Not everyone has that rare gift. “Its the way music occurs to you in your head. The simple definition of melody is a succession of notes perceived as an entity. It’s a gift for which I’m deeply grateful, and I worship the great melodists, Irving Berlin, Frank Loesser, Jerome Kern, Richard Rodgers and Kurt Weill. I simply live for it.” As do I.

We need your help…

When you subscribe to The Stage, you’re investing in our journalism. And our journalism is invested in supporting theatre and the performing arts.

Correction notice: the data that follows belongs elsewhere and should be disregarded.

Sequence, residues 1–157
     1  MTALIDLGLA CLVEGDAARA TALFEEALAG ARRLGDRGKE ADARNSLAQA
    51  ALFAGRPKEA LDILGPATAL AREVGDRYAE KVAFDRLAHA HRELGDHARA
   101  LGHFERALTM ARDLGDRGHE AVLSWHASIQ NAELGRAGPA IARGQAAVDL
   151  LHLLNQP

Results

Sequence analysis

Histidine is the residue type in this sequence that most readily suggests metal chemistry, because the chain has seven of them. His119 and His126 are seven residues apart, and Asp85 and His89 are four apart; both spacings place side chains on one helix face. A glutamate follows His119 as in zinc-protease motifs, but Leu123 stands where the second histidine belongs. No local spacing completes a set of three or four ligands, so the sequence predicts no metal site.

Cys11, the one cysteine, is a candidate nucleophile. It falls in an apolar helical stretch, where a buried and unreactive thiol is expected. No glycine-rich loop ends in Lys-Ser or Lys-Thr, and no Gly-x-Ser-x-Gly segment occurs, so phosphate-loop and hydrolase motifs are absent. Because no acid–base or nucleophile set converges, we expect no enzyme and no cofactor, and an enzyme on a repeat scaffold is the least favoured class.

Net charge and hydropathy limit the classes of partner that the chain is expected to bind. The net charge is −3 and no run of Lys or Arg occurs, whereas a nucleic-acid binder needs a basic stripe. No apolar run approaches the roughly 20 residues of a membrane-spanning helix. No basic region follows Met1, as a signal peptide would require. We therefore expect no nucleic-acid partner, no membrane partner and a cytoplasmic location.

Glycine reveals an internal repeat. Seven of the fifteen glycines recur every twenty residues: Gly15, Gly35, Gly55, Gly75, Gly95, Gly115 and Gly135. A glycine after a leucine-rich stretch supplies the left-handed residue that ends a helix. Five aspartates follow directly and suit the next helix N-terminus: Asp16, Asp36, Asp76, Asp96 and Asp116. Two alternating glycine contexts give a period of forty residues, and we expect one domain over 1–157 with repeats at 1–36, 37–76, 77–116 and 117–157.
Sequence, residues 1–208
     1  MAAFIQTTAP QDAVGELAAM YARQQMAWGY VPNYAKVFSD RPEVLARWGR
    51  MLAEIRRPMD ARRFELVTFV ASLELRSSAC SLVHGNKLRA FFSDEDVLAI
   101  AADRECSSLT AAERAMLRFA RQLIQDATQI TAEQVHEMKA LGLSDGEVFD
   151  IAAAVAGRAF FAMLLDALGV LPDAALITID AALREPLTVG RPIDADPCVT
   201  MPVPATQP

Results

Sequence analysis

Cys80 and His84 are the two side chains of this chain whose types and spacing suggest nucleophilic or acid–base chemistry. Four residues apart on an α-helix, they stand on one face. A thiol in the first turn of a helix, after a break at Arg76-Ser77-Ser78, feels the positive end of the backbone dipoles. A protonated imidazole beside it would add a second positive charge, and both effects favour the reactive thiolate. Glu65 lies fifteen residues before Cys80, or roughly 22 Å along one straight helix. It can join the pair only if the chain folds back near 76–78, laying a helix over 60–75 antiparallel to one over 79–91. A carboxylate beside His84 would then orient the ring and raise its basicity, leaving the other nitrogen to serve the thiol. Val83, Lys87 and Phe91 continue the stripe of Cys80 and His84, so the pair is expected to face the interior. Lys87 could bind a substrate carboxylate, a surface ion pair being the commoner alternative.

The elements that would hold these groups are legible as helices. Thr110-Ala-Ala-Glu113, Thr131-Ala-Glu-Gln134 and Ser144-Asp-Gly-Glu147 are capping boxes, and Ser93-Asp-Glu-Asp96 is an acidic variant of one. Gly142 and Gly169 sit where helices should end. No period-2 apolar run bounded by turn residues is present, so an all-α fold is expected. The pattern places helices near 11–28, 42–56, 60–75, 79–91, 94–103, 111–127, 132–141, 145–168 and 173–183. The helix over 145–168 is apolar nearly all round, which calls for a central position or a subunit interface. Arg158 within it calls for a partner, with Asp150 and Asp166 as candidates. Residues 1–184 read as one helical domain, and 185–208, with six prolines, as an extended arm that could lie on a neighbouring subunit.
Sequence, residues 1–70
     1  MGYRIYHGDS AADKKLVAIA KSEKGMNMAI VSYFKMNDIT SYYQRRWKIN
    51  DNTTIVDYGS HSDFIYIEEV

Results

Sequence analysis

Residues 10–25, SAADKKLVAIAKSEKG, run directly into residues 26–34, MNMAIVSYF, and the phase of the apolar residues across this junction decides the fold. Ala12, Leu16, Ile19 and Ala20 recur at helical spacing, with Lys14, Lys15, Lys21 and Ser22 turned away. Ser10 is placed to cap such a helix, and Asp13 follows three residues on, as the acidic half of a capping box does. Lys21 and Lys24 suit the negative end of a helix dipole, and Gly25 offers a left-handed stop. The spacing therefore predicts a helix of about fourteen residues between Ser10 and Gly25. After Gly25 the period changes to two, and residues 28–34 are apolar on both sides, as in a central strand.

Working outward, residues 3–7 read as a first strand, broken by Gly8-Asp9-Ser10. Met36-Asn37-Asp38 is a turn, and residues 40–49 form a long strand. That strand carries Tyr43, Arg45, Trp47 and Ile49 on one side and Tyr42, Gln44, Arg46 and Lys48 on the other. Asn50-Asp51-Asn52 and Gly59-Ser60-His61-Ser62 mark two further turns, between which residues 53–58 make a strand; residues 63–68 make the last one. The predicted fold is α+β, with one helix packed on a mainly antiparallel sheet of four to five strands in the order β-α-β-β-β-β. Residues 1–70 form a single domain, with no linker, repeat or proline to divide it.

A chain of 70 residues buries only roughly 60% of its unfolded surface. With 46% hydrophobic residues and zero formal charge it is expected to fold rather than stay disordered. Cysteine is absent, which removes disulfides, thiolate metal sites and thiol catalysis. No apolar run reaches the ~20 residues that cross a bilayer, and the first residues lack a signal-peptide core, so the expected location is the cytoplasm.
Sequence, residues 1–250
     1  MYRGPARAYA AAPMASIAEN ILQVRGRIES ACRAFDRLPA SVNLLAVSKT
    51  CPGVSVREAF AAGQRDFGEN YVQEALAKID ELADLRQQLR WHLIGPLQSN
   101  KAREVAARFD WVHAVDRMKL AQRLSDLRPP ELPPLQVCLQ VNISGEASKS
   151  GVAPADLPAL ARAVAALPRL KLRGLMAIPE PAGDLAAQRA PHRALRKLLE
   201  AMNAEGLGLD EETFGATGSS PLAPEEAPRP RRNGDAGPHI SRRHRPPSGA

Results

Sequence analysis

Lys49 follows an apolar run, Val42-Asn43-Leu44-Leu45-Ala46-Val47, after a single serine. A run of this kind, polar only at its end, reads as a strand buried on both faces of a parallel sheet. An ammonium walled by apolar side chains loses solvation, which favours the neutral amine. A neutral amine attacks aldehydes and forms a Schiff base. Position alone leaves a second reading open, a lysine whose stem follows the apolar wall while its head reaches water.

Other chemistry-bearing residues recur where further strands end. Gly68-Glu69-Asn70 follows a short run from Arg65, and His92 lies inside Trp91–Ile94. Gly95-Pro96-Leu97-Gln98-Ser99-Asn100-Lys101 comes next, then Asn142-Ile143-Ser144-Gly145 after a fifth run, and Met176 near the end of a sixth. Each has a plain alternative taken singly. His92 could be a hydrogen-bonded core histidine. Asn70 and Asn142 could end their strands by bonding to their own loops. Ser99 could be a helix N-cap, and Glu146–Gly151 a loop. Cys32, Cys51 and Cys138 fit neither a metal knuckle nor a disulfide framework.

The Stage is a family business, operated by the same family since we were founded in 1880. We do not receive government funding. We are not owned by a large corporation. Our editorial is not dictated by ticket sales.

We are fully independent, but this means we rely on revenue from readers to survive.

Help us continue to report on great work across the UK, champion new talent and keep up our investigative journalism that holds the powerful to account. Your subscription helps ensure our journalism can continue.

loading...
^